It’s personally invigorating to be taking courses again(after a break of a few years). My eyes are wide open to seeing examples of good online instructional design and effective tools. As always, it’s good to fill in any gaps in my knowledge and keep current in the field. Courses like these also inspire me to improve my own teaching.
If you’d like to check out the course for yourself(it is offered multiple times a year), then follow this link. The tuition, which I think is affordable, is $300 for Maryland residents.
by Paul Iwancio
For quite a while I’ve been recommending to colleagues the vast collection of free images at Flickr Creative Commons to use in presentations and web pages. There have been two developments. First, over the last year I’ve decided to give back. It’s well past time for me to contribute to the Creative Commons, and so you will see more and more of my images on Flickr with Creative Commons licensing. The second development just happened today when a trusted resource person showed me the wonders of imagecodr.org. If you’ve ever used Flickr Creative Commons images, then you know that the act of attribution is a little clunky, and can be inconsistent. Now there is a free service at imagecodr to provide simple and clear attribution when you use an image. The process goes like this:
1.Go to Flickr Creative Commons and find an image you want to use, copy the URL
2. Open up a new tab or window and go to imagecodr.org
3. Paste the URL there and it will give you html code
4. Paste this code into your webpage, post, document, etc. and you’ll get something like the image shown here on my post today.
This is a phenomenal tool that will make life easier for users and a great link back for creators. Go forth and attribute!
Thanks to superstorm Sandy last fall our admissions department had to cancel quite a few presentations on the East Coast. They approached me to discuss the possibility of using Adobe Connect to reach out to the potential students. What really impressed me about the folks in the admissions office was how they took my advice and did everything to assure a successful webinar, and it was a huge success. What did they do? They came in and learned about the software and tried it out for themselves in some test situations first. They took their spectacular presentation that was in Mac Keynote format and changed it to pdf, with adjustments where necessary to make it look perfect in Adobe Connect. They used a good USB microphone (AT 2020) and we monitored the sound from another room, with headphones. Also, as you can see in this photo, one person presented while another facilitated, answering questions. We had a few more people on hand who were also monitoring and answering questions from prospective students by using the chat window. Because it was such a success, I know they’re planning to use it more in the future and will probably add some interactive survey questions too. Preparation, testing and employing best practices=success.
Suddenly there seems to be a huge convergence on the topic 3D printing. I’ll share some links below, but perhaps the best way to first experience the wonders of 3D printing is to visit a fab lab like the one we have here at MICA. We are in the middle of a revolution that is changing our world. What was once either nearly impossible or prohibitively expensive is now becoming easily attainable. Power is decentralizing as more and more people control the means of production. Even the printers, some known as makerbots, are part of their own creation as they print the parts for the next printer to be assembled.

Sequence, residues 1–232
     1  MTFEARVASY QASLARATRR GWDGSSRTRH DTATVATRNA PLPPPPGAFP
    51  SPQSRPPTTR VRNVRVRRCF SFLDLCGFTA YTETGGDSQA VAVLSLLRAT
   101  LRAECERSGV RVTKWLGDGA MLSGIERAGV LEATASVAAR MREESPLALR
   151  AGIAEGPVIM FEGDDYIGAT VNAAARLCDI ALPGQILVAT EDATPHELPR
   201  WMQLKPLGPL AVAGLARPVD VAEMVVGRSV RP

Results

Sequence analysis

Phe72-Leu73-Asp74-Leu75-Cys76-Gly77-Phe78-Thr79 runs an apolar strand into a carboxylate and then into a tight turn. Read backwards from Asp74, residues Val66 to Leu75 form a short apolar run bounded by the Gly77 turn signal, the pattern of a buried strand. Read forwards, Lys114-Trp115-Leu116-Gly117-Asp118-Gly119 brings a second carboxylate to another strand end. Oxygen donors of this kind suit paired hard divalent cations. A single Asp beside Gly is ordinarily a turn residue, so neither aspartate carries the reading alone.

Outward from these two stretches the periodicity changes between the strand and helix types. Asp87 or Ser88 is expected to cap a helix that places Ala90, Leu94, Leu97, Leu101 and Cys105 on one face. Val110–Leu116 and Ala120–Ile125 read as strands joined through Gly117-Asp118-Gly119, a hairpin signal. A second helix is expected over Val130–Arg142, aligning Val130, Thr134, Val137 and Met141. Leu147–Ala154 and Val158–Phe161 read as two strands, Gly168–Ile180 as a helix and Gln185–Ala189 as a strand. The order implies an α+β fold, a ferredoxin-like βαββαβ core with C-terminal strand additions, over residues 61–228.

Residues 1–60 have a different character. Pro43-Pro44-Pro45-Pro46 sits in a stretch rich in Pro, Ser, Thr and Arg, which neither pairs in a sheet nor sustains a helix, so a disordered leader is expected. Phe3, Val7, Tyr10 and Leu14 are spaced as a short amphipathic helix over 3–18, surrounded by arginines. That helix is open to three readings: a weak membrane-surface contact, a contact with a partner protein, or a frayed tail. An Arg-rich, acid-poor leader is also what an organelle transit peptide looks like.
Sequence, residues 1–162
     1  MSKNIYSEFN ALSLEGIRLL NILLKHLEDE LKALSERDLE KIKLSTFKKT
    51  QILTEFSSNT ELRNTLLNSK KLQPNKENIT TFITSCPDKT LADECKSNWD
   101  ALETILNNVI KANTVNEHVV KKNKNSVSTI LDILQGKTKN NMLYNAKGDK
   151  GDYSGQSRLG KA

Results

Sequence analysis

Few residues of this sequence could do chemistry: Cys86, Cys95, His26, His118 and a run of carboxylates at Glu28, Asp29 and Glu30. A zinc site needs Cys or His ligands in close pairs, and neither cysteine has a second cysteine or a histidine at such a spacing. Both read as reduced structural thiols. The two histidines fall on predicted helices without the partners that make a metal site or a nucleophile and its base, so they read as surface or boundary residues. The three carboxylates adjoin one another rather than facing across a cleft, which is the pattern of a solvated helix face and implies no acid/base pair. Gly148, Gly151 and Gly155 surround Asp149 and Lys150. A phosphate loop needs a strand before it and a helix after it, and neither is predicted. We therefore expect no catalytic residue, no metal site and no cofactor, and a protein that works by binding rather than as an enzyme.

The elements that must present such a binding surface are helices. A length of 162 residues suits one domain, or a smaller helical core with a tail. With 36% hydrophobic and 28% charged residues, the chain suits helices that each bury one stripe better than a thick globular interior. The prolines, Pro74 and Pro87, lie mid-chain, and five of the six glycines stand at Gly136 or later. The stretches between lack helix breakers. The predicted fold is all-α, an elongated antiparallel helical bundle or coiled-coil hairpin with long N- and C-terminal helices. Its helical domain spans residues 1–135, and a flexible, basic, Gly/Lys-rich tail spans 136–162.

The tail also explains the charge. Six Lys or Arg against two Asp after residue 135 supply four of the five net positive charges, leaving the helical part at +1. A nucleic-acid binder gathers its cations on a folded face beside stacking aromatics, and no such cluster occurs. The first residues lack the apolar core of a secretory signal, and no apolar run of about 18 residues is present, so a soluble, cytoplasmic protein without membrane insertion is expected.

The convergence of interest can be seen in the following stories: Here is a segment from NPR’s Planet Money show on why 3D printing is such a big evolution that demands our attention, these printers will really change the way we live. (listen to the whole story or read the transcript.) This article from the Chronicle of Higher Education by Brian Matthews argues that 3D printers will become an essential part of our lives. Last week the latest issue of the Horizon Report by the New Media Consortium came out, and guess what was on the cover? You’re right, a 3D printer. They see “time to adoption” as 4 to 5 years, but personally I think adoption will come sooner in 2 to 3 years.
I encourage you to look into 3D printing and visit a fab lab on your campus. If your campus doesn’t have one, then the time is now to lobby for one. To see some of the printers and some objects created by them, take a look at my set of photos on flickr.
At my college we’ve been working toward moving student course evaluations online. This would save a lot of trees and make the collection of this important feedback more efficient. One of the big stumbling blocks has been the low response rate from students when we’ve tried this delivery method. I’ve looked at the literature and we’re not alone in facing this problem. So, when we surveyed our students recently I asked them if they would fill out course evaluations online and if no, then why not? The answers surprised me. Most of the students who said they wouldn’t fill them out cited forgetfulness and laziness. What this made me realize is that the problem isn’t with our delivery method (online), but rather whether it was delivered synchronously or asynchronously. The solution may be in having students fill out their course evaluations during the last class meeting (as is traditionally done at campus) but have the students bring laptops or other mobile devices; or have students use a computer lab. We’ll work on this in our Spring pilot and see what results we get.
One of the Sunday papers I read is The Washington Post. Almost every week they highlight new tech tools, tips, and discoveries shared in their business section, so I encourage everyone to take a look for themselves and add it to your feed for resources.
This week they featured an up and coming search engine called DuckDuckGo which is an alternative to Google or Bing. Immediately, I can think of at least 3 good reasons to try DuckDuckGo and put it in your tech tool kit.
1. It’s good to have alternative browsers to use. Just like when I try various browsers while I’m working out webpage problems, you can try searches in the different engines to see if you get different, and possibly better, results. As you’ve probably seen, Google wants to drive you to paid advertisers, not necessarily the best answers to a search query.
2. The growing concerns regarding online privacy lead me search engines like DuckDuckGo that don’t track users. As I work with more European partners I’ve discovered more global wariness of Google and their policies.
3. I think it’s good to support a small(er) business that may be more responsive to user needs and give entrepreneurs a chance to succeed.